Laws & Guidance HIGHER EDUCATION
Program Integrity Questions and Answers - Misrepresentation

- Program Integrity Q&A -

In addition to the following Q&As, please see the following resources for guidance related to Misrepresentation:

M-Q1: In 34 C.F.R. § 668.71(a), the Department identifies actions it may consider taking in response to a finding that an institution has engaged in substantial misrepresentation. What process will the institution be provided to contest the action that the Department initiates?

M-A1: The institution will be entitled to receive the full benefit of the process that applicable law requires the Department to follow with respect to the type of action that it initiates. There is nothing in revised section 668.71(a) that reduces the procedural protection given by the HEA and applicable regulations to an institution to contest the specific action the Department may take to address substantial misrepresentation by the institution.

For example, section 487(c)(3) of the HEA requires the Department to provide an institution “reasonable notice and opportunity for a hearing” before the Department suspends, terminates, or fines an institution that has engaged in substantial misrepresentation. (20 U.S.C. § 1094(c).)

Revised section 668.71(a) provides that if the Department is going to take any of these actions, it will proceed under 34 C.F.R. Part 668, Subpart G—the same notice and opportunity for a hearing that has always existed for institutions that face an action the HEA addresses in section 487(c)(3). In addition, section 498c(h) of the HEA authorizes the Department to provisionally certify an institution, and to terminate such a certification for cause. (20 U.S.C. § 1099c(h).)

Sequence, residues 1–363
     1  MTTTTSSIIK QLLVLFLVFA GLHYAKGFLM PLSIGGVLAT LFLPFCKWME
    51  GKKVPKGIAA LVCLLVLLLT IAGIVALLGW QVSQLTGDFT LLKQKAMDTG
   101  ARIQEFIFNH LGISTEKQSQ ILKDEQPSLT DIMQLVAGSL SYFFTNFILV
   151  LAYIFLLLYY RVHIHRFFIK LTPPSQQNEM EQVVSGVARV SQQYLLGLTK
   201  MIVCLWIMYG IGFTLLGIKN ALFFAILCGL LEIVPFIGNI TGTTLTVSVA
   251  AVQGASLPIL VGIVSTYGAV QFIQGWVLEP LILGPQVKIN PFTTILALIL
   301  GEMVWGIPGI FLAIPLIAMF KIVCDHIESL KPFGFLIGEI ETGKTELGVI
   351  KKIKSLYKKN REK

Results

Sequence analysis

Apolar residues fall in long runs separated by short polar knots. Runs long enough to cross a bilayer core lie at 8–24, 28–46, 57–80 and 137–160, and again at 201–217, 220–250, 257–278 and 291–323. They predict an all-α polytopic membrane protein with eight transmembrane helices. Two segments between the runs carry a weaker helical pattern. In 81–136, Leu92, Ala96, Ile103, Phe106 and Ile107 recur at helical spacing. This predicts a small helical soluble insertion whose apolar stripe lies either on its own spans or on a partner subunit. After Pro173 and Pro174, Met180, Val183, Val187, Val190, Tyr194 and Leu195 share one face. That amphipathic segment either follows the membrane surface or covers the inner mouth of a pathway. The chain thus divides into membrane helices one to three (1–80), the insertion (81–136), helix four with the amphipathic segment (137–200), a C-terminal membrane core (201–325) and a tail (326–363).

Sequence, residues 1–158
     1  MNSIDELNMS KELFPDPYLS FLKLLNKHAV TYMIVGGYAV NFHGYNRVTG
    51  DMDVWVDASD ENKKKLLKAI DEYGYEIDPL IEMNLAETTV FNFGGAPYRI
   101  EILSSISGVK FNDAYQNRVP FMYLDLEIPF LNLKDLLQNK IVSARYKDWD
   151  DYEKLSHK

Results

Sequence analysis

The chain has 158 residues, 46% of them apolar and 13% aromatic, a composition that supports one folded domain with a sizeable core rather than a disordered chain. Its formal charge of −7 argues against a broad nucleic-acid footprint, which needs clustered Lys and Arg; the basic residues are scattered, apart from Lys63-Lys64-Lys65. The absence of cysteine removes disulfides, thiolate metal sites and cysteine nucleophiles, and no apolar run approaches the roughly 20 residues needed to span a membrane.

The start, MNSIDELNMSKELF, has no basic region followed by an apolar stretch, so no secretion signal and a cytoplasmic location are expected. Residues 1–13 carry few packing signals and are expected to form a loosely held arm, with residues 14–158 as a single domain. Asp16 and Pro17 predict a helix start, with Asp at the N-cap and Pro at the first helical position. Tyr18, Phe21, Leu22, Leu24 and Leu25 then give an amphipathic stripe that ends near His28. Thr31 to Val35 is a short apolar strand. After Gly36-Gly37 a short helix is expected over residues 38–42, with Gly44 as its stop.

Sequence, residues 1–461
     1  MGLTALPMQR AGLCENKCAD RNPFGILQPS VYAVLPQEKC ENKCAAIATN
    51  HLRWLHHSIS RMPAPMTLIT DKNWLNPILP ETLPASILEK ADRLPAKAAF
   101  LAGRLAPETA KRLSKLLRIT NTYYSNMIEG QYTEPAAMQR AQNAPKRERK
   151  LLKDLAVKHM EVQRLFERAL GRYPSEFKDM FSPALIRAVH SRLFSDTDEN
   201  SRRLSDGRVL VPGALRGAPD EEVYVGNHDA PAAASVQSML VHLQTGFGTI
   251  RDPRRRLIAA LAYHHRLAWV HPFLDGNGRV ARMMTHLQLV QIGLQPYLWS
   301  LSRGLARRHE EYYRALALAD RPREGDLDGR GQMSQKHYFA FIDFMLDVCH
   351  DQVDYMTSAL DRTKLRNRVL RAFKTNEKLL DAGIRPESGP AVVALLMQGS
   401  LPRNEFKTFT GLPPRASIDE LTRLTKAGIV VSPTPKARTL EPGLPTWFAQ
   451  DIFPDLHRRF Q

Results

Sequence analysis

If the Department revokes the participation of an institution that is provisionally certified, the procedures described in 34 C.F.R. § 668.13(d), not those in Subpart G, govern the process afforded the institution. (34 C.F.R. § 668.81(c)(4).) An institution’s program participation agreement requires it to provide prospective and enrolled students with accurate information about its programs, charges, and the employability of its graduates. (20 U.S.C. §§ 1092(a)(1), 1094(a)(7).)

If the Department determines that substantial misrepresentation by a provisionally-certified institution demonstrates that it is unable to meet these obligations, 34 C.F.R. § 668.71(a)(1) provides that the Department may revoke that institution’s title IV participation. If it does so, the Department will offer the institution the opportunity provided in 34 C.F.R. § 668.13(d) to contest that action. [Guidance issued 3/17/2011]

M-Q2: Do the misrepresentation regulations create a private right of action?

M-A2: No. As stated in the preamble to the final regulations (75 FR 66916, Oct. 29, 2010), nothing in the regulations alters a student's ability to pursue claims of substantial misrepresentation pursuant to State law, and nothing in the regulations creates a new Federal private right of action. The regulations are intended to make sure that institutions are on notice that the Department believes that substantial misrepresentations constitute a serious violation of an institution’s fiduciary duty, and that the Department will carefully and fairly evaluate claims of substantial misrepresentation before determining an appropriate course of action. [Guidance issued 3/17/2011]

M-Q3: Do the misrepresentation regulations extend beyond substantial misrepresentations made about the nature of an eligible institution’s educational programs, its financial charges, or the employability of its graduates?

M-A3: No. The Department recognizes that section 487(c)(3)(A) of the HEA provides the Department with the authority to act in response to substantial misrepresentations that may be made in three broad areas. The Department will not evaluate, nor potentially sanction, institutions for their substantial misrepresentations that do not fall within one of these three categories. Thus the revised regulations in 34 C.F.R. Part 668, Subpart F continue to offer a “scope and special definitions” section, and then provide specific discussion of the three regulated areas of potential substantial misrepresentation. [Guidance issued 3/17/2011]

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Last Modified: 08/30/2011